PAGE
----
The next worker in line can check the work passed on to him or her before proceeding; any adjustments or alterations can be made before further work is performed. Cross-training the workers enables each one to discern any errors, as well as allow any one of them to perform any work process.
As an example, cutters and stitchers are trained to understand the markings–e.g., black-marks are for outer layers while blue-marks are for the lining, as well as any other coded instructions to be uniformly observed.
Explore these possibilities and plot them on a new value stream map, to be labeled as the “future state map." Calculate the values-added, the non-value stages and the time-allotments eliminated. Highlight the improvement plans where physical changes, trial-runs and workshop are required. That way, plans for implementations are properly laid out to ensure that deployment procedures will run as smoothly as possible.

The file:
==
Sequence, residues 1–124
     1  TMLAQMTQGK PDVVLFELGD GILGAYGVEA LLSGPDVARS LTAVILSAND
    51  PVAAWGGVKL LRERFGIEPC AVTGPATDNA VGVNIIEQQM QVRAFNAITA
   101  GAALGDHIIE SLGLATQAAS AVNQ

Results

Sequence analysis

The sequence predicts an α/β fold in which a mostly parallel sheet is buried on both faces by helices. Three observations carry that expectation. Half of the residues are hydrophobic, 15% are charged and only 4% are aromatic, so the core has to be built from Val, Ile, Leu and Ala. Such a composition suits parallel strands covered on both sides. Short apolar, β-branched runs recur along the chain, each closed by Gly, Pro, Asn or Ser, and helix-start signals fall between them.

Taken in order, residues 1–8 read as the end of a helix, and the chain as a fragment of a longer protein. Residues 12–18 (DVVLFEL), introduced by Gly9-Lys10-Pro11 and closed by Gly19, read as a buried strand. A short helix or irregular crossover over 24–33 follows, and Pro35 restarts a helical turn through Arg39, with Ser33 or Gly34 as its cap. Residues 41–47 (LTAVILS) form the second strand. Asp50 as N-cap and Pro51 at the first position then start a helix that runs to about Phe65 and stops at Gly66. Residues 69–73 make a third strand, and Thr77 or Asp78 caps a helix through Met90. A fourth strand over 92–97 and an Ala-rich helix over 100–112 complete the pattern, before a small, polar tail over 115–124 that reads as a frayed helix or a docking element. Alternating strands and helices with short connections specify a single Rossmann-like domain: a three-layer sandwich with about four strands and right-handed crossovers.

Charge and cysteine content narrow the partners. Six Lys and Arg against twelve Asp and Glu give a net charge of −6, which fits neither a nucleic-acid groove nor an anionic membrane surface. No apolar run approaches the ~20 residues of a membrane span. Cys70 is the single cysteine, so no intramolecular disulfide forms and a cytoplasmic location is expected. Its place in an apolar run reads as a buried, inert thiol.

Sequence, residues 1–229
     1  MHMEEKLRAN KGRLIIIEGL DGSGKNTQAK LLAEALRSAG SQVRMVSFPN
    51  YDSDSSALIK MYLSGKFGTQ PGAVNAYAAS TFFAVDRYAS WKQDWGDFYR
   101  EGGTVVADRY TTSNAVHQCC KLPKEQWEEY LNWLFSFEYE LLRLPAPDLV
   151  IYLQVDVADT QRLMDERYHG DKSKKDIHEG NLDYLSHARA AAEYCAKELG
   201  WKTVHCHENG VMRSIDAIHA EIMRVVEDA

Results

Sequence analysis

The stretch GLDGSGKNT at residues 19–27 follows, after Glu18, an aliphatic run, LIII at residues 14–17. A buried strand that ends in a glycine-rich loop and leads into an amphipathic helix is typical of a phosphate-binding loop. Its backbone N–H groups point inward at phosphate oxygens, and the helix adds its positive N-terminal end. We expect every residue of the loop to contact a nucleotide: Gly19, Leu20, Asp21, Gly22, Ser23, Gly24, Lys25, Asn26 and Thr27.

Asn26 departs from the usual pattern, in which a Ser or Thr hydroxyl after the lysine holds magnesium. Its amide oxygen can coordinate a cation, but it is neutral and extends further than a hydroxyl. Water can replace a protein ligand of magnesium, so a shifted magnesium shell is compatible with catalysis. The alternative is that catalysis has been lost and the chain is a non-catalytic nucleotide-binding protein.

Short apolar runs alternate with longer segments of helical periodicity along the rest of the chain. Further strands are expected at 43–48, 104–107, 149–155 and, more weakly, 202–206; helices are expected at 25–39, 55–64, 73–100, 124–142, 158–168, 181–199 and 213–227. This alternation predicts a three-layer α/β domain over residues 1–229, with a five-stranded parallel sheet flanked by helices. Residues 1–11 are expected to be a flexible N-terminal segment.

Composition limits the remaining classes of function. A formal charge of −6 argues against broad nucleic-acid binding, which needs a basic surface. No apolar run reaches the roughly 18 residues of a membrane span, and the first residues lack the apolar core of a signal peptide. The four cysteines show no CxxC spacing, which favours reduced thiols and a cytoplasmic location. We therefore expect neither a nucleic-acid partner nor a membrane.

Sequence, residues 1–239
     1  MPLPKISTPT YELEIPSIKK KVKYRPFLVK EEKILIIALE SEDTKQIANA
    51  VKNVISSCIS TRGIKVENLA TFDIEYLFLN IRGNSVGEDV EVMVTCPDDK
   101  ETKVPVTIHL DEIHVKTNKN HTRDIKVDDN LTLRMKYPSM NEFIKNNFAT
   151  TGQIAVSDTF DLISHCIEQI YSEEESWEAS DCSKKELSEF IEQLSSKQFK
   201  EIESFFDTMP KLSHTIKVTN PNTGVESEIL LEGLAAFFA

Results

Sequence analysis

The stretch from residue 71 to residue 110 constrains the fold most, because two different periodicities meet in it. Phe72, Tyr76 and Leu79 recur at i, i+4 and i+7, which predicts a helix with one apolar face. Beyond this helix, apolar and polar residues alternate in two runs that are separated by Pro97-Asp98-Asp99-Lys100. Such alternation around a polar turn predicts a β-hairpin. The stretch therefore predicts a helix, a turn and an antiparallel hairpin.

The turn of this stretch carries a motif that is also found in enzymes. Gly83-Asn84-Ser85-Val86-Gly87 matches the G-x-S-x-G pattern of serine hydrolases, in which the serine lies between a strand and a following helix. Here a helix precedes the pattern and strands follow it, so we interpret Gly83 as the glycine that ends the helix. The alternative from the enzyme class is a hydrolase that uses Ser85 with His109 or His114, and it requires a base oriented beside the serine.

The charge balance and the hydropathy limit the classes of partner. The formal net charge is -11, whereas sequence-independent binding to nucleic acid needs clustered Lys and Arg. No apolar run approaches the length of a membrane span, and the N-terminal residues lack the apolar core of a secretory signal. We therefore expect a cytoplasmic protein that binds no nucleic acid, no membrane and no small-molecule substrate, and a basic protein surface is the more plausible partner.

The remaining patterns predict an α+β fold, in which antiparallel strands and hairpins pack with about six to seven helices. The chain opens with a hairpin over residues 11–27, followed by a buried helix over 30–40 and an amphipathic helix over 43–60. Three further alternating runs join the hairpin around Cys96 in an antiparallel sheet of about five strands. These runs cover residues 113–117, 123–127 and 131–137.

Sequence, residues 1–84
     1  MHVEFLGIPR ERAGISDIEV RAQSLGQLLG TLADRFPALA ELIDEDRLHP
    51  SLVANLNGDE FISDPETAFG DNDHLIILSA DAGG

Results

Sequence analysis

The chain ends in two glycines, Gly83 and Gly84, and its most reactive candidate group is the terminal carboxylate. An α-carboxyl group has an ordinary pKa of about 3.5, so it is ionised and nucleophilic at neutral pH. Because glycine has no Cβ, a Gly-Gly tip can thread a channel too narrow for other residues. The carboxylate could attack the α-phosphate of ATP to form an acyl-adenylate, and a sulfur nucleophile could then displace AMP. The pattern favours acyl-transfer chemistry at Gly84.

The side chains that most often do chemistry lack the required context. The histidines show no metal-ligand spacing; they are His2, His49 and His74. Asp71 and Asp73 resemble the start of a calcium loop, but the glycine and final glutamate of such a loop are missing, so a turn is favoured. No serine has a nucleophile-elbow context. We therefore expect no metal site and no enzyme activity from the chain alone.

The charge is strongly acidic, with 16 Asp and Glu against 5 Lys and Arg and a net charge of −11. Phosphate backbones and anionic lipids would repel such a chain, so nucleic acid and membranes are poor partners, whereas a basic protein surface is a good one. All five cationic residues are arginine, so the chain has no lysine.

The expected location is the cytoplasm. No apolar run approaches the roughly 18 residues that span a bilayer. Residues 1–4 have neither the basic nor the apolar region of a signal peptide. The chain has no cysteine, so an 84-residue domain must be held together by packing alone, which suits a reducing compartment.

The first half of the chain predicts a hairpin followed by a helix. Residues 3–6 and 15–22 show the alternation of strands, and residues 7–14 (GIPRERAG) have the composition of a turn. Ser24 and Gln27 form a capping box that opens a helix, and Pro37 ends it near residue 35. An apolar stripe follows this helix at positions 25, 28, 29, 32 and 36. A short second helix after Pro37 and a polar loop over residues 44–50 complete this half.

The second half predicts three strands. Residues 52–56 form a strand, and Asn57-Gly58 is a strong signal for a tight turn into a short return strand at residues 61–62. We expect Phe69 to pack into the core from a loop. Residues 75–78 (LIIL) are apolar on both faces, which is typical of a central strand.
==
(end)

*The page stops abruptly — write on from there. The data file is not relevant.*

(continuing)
Example of a Future State Map
View an enlarged image of the sample future state map and notice that projections for purchases cover a 3-month period. The intention is to give the supplier enough time to meet the company’s new demand. The monthly order of 10,000 pieces should be delivered twice weekly.
The objective of this future state map is to meet the customer's requirement of receivng a daily delivery of 504 T-shirts. Hence, if the present supplier cannot deliver the manufacturer's new requirements, it would be a wise move to find a supplier who can. Doing so eliminates a number of hours wasted waiting for the raw materials to arrive.